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Visual Language and Interactive Media This is a Track

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College : Arts and HumanitiesDegree : MFA
Department : Digital MediaOption : Thesis
Program Websites : http://www.dm.ucf.edu/graduate_index.php

TRACK DESCRIPTION

The Master of Fine Arts in Studio Art and the Computer offers a Visual Language and Interactive Media track designed to educate the next generation of filmmakers and media entrepreneurs and produce artists, entrepreneurs, educators, engineers, and scientists who use digital technologies to create content in many venues (film, digital media, interactive entertainment, and a host of others), and who will develop and use digital technologies in new ways.

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CURRICULUM

Total Credit Hours Required:
60 Credit Hours Minimum beyond the Bachelor's Degree

Visual Language and Interactive Media track in the Art MFA program requires a minimum of 60 credit hours including a thesis project. The program requires 32 credit hours of required courses, 18 credit hours of program electives, and 10 credit hours of thesis.

During the first academic year, the student pursues required courses as dictated by the student’s plan of study. Throughout the second year, the student finishes remaining required course work and enrolls in electives approved by his or her thesis chairperson/adviser. During the third year, the student’s focus is on completing his or her thesis work.

Required Courses—32 Credit Hours

  • DIG 5647 Science and Technology of Dynamic Media (3 credit hours)
  • DIG 6825 Digital Media Research Methods (3 credit hours)
  • DIG 6546 Previsualization and Concept Development (3 credit hours)
  • DIG 6432 Transmedia Story Creation (3 credit hours)
  • DIG 6551 Applied Interactive Story (3 credit hours)
  • DIG 6136 Design for Media (3 credit hours)
  • DIG 5137 Information Architecture (3 credit hours)
  • DIG 5487 Principles of Visual Language (3 credit hours)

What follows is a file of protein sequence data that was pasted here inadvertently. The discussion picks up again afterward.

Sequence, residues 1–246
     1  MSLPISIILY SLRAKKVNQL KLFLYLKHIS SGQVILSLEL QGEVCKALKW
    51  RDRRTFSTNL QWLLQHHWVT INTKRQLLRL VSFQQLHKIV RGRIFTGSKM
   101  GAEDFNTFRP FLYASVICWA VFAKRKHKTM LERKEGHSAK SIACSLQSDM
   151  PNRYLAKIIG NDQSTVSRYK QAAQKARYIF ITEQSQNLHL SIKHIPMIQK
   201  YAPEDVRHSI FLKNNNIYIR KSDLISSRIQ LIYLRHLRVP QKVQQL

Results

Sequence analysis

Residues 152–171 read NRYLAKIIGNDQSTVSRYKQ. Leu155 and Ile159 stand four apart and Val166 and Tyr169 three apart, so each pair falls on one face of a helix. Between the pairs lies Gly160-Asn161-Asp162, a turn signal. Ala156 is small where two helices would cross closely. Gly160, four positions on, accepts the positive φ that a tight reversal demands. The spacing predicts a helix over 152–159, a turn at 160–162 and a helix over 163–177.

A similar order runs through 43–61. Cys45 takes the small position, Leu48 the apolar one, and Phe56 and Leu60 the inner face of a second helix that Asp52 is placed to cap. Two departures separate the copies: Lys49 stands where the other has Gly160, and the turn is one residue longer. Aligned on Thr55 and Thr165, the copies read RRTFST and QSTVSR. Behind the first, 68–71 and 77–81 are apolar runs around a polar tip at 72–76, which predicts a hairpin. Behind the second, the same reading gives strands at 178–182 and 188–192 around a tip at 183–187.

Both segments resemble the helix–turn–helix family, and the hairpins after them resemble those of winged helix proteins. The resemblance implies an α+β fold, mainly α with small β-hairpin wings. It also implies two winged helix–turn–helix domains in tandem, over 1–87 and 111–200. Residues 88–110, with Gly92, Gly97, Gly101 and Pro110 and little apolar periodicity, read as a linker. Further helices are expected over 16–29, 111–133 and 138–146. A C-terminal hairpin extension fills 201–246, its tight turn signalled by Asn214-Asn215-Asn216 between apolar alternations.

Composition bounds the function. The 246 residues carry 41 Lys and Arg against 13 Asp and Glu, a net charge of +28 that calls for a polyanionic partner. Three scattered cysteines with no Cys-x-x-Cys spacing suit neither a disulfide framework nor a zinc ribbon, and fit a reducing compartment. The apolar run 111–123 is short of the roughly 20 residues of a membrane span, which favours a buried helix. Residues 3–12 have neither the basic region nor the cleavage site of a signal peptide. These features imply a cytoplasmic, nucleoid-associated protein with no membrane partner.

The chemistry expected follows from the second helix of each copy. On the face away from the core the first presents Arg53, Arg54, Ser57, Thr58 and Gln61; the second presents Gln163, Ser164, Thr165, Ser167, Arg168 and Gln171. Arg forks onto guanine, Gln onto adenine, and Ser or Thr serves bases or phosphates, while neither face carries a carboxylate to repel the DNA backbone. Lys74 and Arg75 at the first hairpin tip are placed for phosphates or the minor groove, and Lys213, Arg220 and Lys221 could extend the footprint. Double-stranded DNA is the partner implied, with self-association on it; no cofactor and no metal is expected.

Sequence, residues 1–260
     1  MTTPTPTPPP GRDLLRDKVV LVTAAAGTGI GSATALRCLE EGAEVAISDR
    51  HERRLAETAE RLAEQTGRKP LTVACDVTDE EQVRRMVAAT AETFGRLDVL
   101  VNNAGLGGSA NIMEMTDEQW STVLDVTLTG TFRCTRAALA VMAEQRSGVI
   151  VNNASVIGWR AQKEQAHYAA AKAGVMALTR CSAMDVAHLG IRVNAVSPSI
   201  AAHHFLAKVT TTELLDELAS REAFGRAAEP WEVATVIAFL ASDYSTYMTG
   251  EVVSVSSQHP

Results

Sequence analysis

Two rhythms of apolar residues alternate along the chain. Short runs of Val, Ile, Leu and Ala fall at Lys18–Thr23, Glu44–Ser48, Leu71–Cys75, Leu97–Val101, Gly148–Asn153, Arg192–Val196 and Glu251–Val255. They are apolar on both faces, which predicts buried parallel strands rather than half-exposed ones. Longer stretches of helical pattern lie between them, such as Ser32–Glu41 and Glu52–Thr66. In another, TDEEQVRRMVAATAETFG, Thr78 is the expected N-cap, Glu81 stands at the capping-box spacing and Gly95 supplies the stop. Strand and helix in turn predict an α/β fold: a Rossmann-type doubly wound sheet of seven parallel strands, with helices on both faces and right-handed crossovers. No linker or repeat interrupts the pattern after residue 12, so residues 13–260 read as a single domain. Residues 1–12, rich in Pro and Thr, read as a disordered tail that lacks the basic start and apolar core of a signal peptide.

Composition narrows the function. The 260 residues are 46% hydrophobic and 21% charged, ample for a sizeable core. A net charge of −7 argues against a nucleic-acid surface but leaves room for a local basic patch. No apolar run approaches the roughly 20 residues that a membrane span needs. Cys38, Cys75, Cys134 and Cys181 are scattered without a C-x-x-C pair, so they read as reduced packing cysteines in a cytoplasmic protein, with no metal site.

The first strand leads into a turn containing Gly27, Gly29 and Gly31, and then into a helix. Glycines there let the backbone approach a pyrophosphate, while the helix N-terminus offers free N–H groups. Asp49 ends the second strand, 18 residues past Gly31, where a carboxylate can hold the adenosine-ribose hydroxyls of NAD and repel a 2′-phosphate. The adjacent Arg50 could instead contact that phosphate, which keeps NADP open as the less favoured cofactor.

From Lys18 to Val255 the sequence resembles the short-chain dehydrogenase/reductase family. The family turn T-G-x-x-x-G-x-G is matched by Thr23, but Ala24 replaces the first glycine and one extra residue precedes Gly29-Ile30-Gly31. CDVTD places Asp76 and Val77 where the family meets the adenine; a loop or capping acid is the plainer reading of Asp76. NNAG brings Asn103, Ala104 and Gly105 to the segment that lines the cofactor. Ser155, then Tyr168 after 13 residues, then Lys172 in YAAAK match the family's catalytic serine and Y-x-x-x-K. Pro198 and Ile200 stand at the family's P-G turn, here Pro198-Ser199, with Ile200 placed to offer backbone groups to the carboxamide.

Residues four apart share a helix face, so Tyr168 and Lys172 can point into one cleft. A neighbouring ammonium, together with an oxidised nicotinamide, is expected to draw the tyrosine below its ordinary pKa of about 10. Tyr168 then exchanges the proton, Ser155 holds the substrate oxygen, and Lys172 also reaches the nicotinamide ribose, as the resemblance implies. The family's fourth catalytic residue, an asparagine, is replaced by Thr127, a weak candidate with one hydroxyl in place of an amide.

• DIG 6550 Digital Media Pre-Production (3 credit hours)
  • DIG 6918 Directed Research (3 credit hours)
  • DIG 5XXX Digital Media Perspectives Seminar (1 credit hour)
  • DIG 6XXX Digital Media Thesis Preparation (1 credit hour)

Elective Courses—18 Credit Hours

Many graduate-level courses in the College of Arts and Humanities can be used as electives, based on an adviser-approved plan of study. In addition, other graduate courses may be used in place of those listed above, with permission of the adviser. These courses must be selected so as to ensure that at least one-half of the courses in the student’s plan of study are taken at the 6000 level. Normally, at least half of the selected electives should be taken with the Department of Digital Media.

A listing of courses offered offered by the Department of Digital Media can be found in the drop-down Catalog Menu at the top of the page under "Courses". 

Thesis—10 Credit Hours

  • DIG 6971 Thesis (10 credit hours)

Each candidate for the Master of Fine Arts must submit a thesis proposal and preliminary bibliography on a topic selected in consultation with the adviser. The formal thesis is initiated by the preparation of a proposal that will meet both departmental and university requirements for the thesis. Prior to enrollment into thesis, the adviser, in consultation with the student, will designate a Thesis Committee to be further approved by the Dean of Arts and Humanities or their designee. This committee is chaired by the adviser and includes two or more additional faculty members from the Department of Digital Media.

The members of the student’s thesis committee will judge the proposal as the preliminary step to beginning the thesis. This committee must approve the Thesis Proposal before academic credit can accrue.

A Visual Language and Interactive Media MFA thesis project involves creating innovative applications of digital media to serve artistic, entertainment, commercial, and/or educational needs. The thesis consists of three parts: (1) the creative project (that utilizes digital media); (2) the production journal (documenting the process of developing the project and evaluating its effectiveness); and (3) dissemination (the work is submitted in a juried exhibition, a refereed publication, or other venue that demonstrates development in connection with a professional partner).